By Rick Steves
To learn more about Austria past and present, check out a few of these books and films.
For an overview of Austrian history, try The Austrians: A Thousand-Year Odyssey (Brook-Shepherd), though most of its focus is on the 19th and 20th centuries. Frederic Morton's A Nervous Splendor and Thunder at Twilight tell the story of the Austro-Hungarian Empire's last years in a light, lively way. Fin-de-Siècle Vienna: Politics and Culture (Schorske) is a dense but comprehensive analysis of the birth of modernism through Klimt, Freud, and other Viennese luminaries. The Spell of the Vienna Woods: Inspiration and Influence from Beethoven to Kafka (Hofmann) blends personal anecdotes, history, tourist information, and stories about artists who found inspiration in the 540-square-mile area that serves as Vienna's playground. Beethoven: The Music and the Life (Lockwood) includes details about the musician's life in Vienna and his contributions to its culture.
Memoirs: The Story of the Trapp Family Singers, written by Maria von Trapp, tells the true story behind the musical phenomenon. Stefan Zweig's World of Yesterday looks at how he became a successful writer in the “lost world” of prewar Vienna. In The Hare with the Amber Eyes, Edmund de Waal insightfully recounts the rise and fall of his storied family, whose Vienna home, the Palais Ephrussi on the Ringstrasse, was confiscated by the Nazis in the Anschluss.
Much fiction set in Vienna concerns the imagined lives of famous artists. The Painted Kiss (Hickey) reflects the lush elegance of fin-de-siècle Vienna and the relationship between painter Gustav Klimt and his pupil Emilie Flöge, who posed for Klimt's masterpiece The Kiss. The rediscovered Embers (Márai) also paints a rich picture of cobblestoned, gaslit Vienna just before the empire's glory began to fade. In The Seven-Per-Cent Solution (Meyer), Sherlock Holmes travels to Vienna to meet with Sigmund Freud and gets involved in a case. Henry James' Midnight Song (Hill) is another literary mystery with a cast of famous historical characters. Mystery fans could also consider Airs Above the Ground (Stewart), with Lipizzaner stallions and the Austrian Alps as a backdrop, as well as A Death in Vienna (Tallis), which involves a cover-up by the Catholic Church.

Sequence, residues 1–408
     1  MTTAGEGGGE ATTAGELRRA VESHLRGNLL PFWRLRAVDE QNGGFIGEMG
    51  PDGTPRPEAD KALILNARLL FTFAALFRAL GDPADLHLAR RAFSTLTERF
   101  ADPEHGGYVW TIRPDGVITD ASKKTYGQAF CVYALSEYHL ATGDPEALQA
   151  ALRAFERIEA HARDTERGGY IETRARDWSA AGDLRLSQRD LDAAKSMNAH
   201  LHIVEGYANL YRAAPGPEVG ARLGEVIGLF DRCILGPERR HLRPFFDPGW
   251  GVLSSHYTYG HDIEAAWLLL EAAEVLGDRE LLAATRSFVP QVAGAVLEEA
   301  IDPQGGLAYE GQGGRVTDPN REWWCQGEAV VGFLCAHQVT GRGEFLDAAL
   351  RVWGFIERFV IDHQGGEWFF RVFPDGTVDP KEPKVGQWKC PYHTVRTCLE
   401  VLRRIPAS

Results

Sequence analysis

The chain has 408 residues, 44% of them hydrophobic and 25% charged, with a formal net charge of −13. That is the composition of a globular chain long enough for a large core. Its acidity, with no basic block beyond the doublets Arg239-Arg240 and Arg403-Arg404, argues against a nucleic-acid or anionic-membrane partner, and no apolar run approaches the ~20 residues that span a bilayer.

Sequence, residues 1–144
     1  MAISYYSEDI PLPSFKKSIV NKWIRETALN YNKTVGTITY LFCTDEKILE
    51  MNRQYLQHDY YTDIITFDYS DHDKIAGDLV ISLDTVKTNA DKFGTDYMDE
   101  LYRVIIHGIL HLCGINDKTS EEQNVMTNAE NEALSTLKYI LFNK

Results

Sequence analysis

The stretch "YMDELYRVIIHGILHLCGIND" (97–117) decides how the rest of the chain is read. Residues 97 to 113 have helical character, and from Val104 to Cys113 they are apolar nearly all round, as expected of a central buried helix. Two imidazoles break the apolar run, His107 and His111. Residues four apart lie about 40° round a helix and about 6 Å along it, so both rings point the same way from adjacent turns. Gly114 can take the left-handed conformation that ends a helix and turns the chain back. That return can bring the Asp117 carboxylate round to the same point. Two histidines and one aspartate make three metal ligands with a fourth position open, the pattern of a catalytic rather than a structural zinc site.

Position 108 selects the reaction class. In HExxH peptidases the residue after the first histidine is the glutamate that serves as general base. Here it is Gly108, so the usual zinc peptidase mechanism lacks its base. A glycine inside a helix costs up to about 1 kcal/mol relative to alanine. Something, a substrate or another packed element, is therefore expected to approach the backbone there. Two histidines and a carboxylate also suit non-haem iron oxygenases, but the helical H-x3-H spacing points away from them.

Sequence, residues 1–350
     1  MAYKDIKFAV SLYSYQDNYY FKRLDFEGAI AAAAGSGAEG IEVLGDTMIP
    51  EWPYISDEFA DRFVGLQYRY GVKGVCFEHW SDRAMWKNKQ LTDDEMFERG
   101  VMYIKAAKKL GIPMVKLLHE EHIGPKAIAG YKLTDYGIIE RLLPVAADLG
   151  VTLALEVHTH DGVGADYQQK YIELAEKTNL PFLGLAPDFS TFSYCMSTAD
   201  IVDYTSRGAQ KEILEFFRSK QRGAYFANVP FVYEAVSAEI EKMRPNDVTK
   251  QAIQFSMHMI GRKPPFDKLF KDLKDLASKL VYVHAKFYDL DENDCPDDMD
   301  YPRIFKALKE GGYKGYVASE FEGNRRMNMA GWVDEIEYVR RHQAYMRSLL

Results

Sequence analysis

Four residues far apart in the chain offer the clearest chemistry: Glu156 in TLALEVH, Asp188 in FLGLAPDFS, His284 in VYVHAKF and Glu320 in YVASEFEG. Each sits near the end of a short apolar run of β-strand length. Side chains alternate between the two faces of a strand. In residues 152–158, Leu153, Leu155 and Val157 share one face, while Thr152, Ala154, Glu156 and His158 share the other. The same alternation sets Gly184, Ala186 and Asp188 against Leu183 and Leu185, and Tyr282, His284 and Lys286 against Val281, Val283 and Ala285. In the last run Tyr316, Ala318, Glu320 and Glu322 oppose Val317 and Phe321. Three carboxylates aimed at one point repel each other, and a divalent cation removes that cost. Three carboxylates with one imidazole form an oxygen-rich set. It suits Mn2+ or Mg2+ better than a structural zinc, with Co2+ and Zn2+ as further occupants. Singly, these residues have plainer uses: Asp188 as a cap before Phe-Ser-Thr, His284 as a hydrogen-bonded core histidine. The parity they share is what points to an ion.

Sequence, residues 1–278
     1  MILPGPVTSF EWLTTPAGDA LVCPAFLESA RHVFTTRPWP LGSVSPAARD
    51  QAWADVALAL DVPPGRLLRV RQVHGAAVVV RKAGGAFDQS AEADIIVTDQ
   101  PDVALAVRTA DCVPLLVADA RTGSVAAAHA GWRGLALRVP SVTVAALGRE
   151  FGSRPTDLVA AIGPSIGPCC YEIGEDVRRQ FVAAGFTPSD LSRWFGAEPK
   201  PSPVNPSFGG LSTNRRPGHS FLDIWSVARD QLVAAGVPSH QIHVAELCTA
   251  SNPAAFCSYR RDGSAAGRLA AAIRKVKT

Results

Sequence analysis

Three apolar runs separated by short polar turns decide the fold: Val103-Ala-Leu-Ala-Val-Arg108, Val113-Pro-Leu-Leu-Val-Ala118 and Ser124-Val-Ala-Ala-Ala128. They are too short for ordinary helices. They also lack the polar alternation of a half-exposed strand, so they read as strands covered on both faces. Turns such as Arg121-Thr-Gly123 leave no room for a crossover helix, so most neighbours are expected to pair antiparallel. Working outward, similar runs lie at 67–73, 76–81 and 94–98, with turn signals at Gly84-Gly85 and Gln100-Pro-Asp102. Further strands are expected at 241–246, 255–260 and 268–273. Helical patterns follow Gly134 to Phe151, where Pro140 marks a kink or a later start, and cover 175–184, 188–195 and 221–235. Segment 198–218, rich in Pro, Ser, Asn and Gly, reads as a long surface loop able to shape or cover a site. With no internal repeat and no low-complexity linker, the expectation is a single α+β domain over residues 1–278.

Austrian feminist Elfriede Jelinek, known for exploring dark themes, won the 2004 Nobel Prize in Literature. Her most famous novel, Die Klavierspielerin (The Piano Player, made into a movie) is about a troubled piano teacher who messes up the lives of her students. Robert Schneider's Brother of Sleep, set in an Austrian mountain village in the early 19th century, tells the story of a musical prodigy who goes unappreciated by the locals. Viennese writer Joseph Roth's classic novel Radetzky March follows four generations of a family during the decline and fall of the Habsburgs.
The Great Waltz (1938) portrays the life of composer Johann Strauss. Orson Welles infuses The Third Man (1949, actually shot in bombed-out Vienna) with noir foreboding. In Miracle of the White Stallions (1963), the Lipizzaner stallions are the stars in this true story of how the horses were liberated by General Patton after World War II. The beloved musical The Sound of Music (1965), also partially set in World War II, helped turn Julie Andrews into a star. Mayerling (1968) is about the suicide of Habsburg heir Archduke Rudolf (played by Omar Sharif), which played a pivotal role in Austrian history.
Mahler (1974) describes the man behind the music, and Amadeus (1984) made Mozart into a flesh-and-blood man (who giggles), as did Immortal Beloved (1994) for Beethoven. To familiarize yourself with Sisi (a.k.a. Austria's Empress Elisabeth, a 19th-century Princess Diana), look for the series of 1950s films starring Romy Schneider.
In Before Sunrise (1995), Ethan Hawke sightsees, talks, romances, and talks some more with Julie Delpy in Vienna. The Illusionist (2006) set in circa-1900 Vienna, is about a magician who uses his abilities to gain the love of a woman engaged to the crown prince.